THOUSANDS of witnesses are being called to trials in Scotland’s courts each year which have no chance of going ahead – wasting £10 million of public money.
An investigation by The Sunday Post today lays bare how witnesses who bravely offer to give evidence against criminals have their time utterly wasted by delays and postponements to cases.
And we can reveal entire shifts of frontline police officers can be cited to appear at cases they know stand virtually no chance of proceeding – in a waste of police time too.
Legal insiders claim court bosses are calling trials to ensure they “hit targets” even though they know they will be adjourned because there’s not enough time for them to be heard.
Our probe – the first in a new series of Sunday Post investigations – reveals how:
- There’s been a 65% increase in the number of cases adjourned due to “lack of court time” over the last five years.
- Witnesses claim they are being left to hang around for days at a time with limited access to food or water.
- Independent estimates reveal almost half of summary cases did not proceed as planned in Scotland’s sheriff courts last year.
The Scottish Courts and Tribunals Service (SCTS) last night dismissed claims that trials are scheduled to hit targets and said there was “clear evidence that our court programming and scheduling of trials is effective”.
But one sheriff, speaking to the Post on guarantee of anonymity, said: “It is a joke.
“Every day I know there is not a hope in hell that all of these trials will be going ahead, as do the court staff and lawyers, but the ridiculous charade has to be acted out for the sake of meeting target dates.”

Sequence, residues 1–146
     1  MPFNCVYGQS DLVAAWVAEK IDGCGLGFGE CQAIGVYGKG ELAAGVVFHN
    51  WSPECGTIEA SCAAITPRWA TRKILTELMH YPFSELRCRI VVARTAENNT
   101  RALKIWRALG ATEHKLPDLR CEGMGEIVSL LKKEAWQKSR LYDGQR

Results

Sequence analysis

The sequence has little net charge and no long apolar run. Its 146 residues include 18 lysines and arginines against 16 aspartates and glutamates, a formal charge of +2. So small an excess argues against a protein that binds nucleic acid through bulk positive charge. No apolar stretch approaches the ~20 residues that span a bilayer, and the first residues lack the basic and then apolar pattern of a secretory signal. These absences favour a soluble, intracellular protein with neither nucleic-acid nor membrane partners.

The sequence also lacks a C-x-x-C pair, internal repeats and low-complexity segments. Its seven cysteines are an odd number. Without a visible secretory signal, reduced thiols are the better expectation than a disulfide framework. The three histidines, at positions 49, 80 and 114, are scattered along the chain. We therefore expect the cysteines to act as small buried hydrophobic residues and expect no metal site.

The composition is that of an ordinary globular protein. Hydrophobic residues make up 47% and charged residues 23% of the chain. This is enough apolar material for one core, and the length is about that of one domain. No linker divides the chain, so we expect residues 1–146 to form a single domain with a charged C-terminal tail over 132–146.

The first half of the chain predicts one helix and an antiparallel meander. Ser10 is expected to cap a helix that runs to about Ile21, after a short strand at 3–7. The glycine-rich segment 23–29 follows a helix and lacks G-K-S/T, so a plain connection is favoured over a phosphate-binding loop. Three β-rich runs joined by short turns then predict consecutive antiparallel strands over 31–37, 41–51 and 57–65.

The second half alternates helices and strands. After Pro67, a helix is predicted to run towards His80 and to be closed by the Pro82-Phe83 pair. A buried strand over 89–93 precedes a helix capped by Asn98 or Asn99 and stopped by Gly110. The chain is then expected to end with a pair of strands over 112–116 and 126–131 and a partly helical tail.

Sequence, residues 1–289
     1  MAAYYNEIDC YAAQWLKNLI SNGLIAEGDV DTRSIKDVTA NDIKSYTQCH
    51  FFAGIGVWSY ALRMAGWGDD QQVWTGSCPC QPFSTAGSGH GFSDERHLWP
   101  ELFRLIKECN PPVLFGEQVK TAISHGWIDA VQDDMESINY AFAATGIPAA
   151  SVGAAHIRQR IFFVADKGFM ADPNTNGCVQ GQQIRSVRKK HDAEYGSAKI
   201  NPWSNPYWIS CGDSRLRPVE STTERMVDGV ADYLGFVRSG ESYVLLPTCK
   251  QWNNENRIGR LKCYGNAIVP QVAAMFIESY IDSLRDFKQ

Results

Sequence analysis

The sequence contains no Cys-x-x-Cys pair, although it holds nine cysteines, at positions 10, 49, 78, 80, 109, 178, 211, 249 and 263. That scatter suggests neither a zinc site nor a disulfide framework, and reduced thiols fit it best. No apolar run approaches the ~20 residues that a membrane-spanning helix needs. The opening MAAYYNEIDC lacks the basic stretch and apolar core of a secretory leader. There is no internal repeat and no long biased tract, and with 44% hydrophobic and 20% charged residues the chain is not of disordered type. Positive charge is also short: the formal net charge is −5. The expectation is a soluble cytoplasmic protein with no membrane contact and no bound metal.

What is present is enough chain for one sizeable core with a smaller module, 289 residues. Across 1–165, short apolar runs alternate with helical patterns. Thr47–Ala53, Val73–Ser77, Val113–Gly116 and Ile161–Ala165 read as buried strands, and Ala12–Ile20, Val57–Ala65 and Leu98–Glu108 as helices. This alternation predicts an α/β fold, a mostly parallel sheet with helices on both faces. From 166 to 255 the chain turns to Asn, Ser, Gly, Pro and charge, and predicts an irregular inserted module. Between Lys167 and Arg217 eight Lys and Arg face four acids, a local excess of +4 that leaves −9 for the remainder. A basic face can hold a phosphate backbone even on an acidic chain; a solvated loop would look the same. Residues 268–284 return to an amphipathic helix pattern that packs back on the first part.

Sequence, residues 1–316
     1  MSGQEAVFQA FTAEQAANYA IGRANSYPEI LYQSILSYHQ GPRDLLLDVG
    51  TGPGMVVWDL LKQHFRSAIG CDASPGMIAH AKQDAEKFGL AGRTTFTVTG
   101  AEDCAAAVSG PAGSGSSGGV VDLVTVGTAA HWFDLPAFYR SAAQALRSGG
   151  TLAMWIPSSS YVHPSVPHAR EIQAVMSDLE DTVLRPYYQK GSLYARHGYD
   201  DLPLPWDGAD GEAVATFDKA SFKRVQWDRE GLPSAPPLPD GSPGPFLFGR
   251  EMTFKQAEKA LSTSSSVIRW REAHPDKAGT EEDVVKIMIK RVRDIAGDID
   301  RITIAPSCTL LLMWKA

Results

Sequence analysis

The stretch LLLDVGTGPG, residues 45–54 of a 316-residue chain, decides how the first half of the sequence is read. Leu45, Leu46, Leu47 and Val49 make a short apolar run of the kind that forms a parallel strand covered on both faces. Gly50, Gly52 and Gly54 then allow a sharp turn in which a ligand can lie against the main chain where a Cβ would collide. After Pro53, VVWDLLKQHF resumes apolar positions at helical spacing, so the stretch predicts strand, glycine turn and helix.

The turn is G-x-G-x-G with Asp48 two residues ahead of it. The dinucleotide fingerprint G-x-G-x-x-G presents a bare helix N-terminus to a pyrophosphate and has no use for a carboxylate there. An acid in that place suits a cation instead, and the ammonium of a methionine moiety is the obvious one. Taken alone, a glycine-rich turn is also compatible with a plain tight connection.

Figures obtained by the Post show the number of High Court, Sheriff Court and Justice of the Peace Court trials adjourned due to a lack of court time has jumped from 2,608 in 2011/12 to 4,302 in 2015/16 – a 65% hike.
This compares to a 27.7% increase in the number of trials over the same period.
Legal insiders say that even with a conservative estimate of three witnesses per trial this is nearly 13,000 witnesses turning up to court unnecessarily.
A report from Audit Scotland published last year revealed how the sheriff court system was coming under increasing pressure with more cases going to trial and taking longer to conclude.
Between 2010/11 and 2014/15, the average length of time that a case took to complete increased from 19 weeks to 22 weeks.
Over the same period 10 sheriff courts have been closed and the overall budget of the Crown Office and Procurator Fiscal Service (COPFS) has been reduced by the Scottish Government.
Court bosses have legal limits on how long it takes for a case to be heard but the SCTS also has its own 26-week performance target or cases to be dealt with.
Last year 35% of cases breached this limit and Audit Scotland estimated “almost half of summary cases did not proceed as planned in sheriff courts in 2014/15”.
The watchdog added: “We estimate the cost of cases repeating stages unnecessarily, could have been as much as £10 million in 2014/15.”
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Meanwhile, the watchdog released the findings of focus groups it had held on the issue with witnesses. Some complained they had been left waiting for days to give evidence, while two thirds had experience of waiting at least two hours, and around a third at least four hours.
Some said their witness waiting room had limited or no access to water or other refreshments, and no access to food.
A lack of ventilation or windows was also raised. And in addition, some also said the stress and nerves they felt over giving evidence was exacerbated by the time they had to wait and the conditions they had to wait in.
The SCTS points out that the majority of adjournments are at a sheriff’s own initiative.
But sheriffs have told The Sunday Post the reality of this is they often have little choice but to adjourn cases as it is already obvious trials are not going to happen because, for example, the one already running is going to take the rest of the day.